Medical sources said the fighting wounded seven members of the security forces loyal to the separatists and four civilian supporters of the secessionist movement.

Military units loyal to the government of President Abedrabbo Mansour Hadi were deployed in most areas of Aden amid heightened tensions, the security sources said.

Aden serves as a temporary base for Hadi's Saudi-backed government as Iran-backed militias took over the capital Sanaa more than three years ago.

A Saudi-led military coalition intervened in 2015 to back Hadi's government in its war against the Houthi militia.

Ahead of the planned protest, the coalition called for calm and restraint from "all Yemeni political and social components".

It urged all parties to "adhere to the language of calm dialogue", according to a statement cited late Saturday by Saudi state news agency SPA.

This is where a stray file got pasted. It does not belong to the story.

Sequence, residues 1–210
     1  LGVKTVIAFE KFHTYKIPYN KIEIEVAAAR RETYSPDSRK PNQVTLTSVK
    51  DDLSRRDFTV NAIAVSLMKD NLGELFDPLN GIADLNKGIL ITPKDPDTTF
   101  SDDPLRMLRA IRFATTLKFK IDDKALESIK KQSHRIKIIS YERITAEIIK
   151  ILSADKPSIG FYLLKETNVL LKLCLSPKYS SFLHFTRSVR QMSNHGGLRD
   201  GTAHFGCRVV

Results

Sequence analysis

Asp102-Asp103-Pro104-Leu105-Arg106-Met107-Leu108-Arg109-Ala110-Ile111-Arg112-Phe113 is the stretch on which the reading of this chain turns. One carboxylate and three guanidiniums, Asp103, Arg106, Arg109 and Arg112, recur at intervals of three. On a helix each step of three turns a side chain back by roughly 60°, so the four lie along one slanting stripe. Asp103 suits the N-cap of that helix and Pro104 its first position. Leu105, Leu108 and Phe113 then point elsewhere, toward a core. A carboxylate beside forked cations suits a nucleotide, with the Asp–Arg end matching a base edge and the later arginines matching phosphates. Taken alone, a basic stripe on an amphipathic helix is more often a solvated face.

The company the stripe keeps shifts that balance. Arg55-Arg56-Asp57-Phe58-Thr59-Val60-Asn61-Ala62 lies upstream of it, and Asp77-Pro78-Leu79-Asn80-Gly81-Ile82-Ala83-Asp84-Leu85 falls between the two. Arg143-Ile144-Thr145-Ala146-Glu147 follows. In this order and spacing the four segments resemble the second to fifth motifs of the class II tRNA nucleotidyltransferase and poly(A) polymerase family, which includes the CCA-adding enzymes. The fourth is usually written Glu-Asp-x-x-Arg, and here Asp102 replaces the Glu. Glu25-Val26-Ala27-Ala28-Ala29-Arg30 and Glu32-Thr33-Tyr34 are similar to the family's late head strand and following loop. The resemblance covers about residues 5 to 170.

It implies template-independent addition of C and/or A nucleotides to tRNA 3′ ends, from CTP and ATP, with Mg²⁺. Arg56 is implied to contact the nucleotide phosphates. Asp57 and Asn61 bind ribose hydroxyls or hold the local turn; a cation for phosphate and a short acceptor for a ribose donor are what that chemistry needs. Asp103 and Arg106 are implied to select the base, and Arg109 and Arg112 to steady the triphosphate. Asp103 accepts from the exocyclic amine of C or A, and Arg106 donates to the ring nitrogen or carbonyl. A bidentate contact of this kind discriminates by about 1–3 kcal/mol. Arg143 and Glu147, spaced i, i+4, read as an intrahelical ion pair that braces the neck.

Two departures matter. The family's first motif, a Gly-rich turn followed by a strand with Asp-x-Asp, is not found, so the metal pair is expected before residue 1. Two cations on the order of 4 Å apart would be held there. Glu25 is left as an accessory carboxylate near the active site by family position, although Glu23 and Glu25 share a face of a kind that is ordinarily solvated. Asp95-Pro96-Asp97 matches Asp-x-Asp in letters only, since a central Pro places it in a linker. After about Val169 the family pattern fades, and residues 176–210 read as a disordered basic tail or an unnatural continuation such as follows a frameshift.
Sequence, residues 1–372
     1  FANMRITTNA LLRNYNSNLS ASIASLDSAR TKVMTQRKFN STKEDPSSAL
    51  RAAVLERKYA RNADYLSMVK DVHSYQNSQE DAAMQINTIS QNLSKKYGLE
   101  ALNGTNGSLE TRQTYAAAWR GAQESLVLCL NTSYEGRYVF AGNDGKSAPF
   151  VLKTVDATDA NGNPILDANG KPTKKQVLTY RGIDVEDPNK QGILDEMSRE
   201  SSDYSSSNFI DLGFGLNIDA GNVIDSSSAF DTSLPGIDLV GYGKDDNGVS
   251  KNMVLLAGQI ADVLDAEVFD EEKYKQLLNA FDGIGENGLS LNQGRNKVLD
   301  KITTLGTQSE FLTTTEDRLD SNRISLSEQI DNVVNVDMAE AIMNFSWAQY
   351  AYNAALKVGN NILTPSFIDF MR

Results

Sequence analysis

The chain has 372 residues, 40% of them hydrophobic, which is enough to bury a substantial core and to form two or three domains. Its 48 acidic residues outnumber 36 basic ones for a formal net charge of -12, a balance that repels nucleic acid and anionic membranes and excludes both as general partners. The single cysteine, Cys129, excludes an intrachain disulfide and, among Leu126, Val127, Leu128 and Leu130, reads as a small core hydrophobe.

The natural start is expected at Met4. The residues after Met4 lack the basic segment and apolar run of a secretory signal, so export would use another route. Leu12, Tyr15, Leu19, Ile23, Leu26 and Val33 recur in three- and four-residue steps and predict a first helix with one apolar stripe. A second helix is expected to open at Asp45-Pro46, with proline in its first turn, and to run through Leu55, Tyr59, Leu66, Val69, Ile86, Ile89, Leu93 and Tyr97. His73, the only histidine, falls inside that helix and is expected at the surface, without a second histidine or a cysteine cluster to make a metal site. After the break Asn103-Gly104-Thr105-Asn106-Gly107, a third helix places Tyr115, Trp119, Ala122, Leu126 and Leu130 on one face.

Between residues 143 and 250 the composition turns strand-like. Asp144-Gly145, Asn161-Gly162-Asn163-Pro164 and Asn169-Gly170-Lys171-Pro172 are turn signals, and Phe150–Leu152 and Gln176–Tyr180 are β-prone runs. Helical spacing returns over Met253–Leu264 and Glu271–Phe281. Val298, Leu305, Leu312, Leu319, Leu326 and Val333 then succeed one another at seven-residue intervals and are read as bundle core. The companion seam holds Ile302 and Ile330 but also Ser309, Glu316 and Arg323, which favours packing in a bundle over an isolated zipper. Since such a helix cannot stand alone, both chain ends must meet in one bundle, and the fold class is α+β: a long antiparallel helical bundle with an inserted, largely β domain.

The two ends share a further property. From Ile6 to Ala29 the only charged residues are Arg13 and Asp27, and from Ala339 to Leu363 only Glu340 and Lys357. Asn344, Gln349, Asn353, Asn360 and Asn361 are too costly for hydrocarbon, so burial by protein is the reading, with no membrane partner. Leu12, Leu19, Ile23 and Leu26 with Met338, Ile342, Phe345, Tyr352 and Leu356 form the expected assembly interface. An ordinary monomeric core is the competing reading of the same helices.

Sunday's rally was called for by the South Transition Council, an autonomous body aimed at overseeing self-governance among southern provinces.

The 26-member council, which is not recognized by Hadi's government, includes the governors of five southern provinces and two cabinet ministers.

Full report at:



Syria resolute in continuing anti-terror fight with help of Iran, Russia: Assad

Jan 27, 2018

President Bashar al-Assad has reiterated Syria’s resolve to continue battling terrorism with the help of Iran and Russia, amid efforts for the peaceful settlement of the crisis in the Arab country.

Assad made the remarks in a meeting with Iranian Deputy Foreign Minister for Arab and African Affairs Hossein Jaberi Ansari in the Syrian capital Damascus on Saturday, according to Syria’s official news agency, SANA.